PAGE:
In my first few years here I recorded a number of conversations with my great aunt Ann Laudun Mayfield. Aunt Ann had an amazing memory and she seemed to have had in her youth a keen sense for her elders who had similar memories. Now and then I want to add to the general knowledge about the Laudun family — and other families that compose my own current one — and so I thought I would begin with a description of the first Laudun in the historical record, the mysterious M. De Vallette Laudun, whose journal is remarkable for being [one of nineteen travel journals][wiki] from the eighteenth century to have survived. The Historic New Orleans collections describes it as follows:
> *Journal d’un voyage fait a la Louisiane en 1720* is a rare account of a French scientific expedition to Louisiana, the French West Indies, and the Gulf of Mexico. M. de Vallette Laudun, com- mander of the Toulouse, which sailed from Toulon in March 1720 and reached Dauphin Island by early July, composed this series of 132 letters written to an unnamed French lady. Vallette Laudun led the first detailed survey made of Louisiana by the French government, three years after the founding of New Orleans and at the height of public enthusiasm for John Law’s Company of the Indies. In his letters, Vallette Laudun recently acquired by The Collection appeared in 1768 as a response to the Treaty of Paris (which gave Spain con- trol of Louisiana), a reminder to its readers of the possessions the French were conceding. (2009.0053) [*HNOC Quarterly*][hnoc]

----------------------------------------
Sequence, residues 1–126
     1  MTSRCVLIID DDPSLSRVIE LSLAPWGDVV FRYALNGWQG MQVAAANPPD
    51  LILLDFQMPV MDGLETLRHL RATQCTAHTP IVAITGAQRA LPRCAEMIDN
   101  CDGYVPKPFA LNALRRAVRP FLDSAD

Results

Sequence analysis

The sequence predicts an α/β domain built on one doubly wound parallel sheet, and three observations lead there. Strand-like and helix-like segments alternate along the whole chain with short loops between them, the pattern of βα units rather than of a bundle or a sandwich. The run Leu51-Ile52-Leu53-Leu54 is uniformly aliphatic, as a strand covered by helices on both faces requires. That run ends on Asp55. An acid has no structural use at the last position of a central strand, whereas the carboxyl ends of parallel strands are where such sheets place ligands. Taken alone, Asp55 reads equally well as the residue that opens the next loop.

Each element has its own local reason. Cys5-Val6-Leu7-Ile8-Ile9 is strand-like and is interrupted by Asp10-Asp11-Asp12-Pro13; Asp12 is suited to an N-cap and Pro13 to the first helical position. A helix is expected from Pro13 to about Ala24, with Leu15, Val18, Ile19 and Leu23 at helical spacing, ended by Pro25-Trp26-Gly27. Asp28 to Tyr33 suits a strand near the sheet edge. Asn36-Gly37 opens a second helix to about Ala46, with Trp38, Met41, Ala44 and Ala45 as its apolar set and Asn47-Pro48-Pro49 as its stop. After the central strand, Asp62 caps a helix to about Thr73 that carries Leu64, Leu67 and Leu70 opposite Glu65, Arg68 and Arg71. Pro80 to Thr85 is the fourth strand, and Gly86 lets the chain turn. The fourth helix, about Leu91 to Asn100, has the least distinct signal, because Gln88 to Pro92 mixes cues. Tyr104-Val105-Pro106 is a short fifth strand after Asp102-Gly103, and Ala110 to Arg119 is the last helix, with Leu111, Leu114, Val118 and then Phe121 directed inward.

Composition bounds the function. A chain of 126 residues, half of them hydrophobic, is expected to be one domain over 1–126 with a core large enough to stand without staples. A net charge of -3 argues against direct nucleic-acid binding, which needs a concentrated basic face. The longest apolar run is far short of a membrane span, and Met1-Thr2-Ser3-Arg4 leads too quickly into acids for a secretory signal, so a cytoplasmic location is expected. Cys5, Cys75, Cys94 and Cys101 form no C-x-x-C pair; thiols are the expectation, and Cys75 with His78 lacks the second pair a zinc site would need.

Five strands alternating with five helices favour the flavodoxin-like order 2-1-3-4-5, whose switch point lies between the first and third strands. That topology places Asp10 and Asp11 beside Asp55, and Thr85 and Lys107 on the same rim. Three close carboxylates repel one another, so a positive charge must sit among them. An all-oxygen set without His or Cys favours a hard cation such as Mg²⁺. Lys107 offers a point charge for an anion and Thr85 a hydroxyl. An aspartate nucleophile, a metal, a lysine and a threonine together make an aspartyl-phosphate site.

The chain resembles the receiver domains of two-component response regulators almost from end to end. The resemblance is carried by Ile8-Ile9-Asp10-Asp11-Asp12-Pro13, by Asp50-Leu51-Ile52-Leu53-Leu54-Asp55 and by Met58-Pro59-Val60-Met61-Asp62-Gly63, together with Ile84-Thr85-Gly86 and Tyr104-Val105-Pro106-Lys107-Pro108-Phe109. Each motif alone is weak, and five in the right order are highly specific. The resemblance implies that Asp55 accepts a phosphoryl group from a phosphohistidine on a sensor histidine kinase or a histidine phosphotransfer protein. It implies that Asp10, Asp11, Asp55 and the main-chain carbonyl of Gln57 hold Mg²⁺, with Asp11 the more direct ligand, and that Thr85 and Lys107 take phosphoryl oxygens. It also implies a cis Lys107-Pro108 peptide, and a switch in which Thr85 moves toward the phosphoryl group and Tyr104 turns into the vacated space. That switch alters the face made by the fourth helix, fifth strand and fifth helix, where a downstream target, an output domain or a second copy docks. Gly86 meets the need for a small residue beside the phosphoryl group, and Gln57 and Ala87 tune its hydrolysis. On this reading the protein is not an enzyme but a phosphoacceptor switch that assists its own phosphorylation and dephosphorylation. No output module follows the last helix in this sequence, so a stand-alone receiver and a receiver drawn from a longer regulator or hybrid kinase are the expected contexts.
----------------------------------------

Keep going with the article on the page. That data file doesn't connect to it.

The [full text of the original], in its native French, is available from Google Books.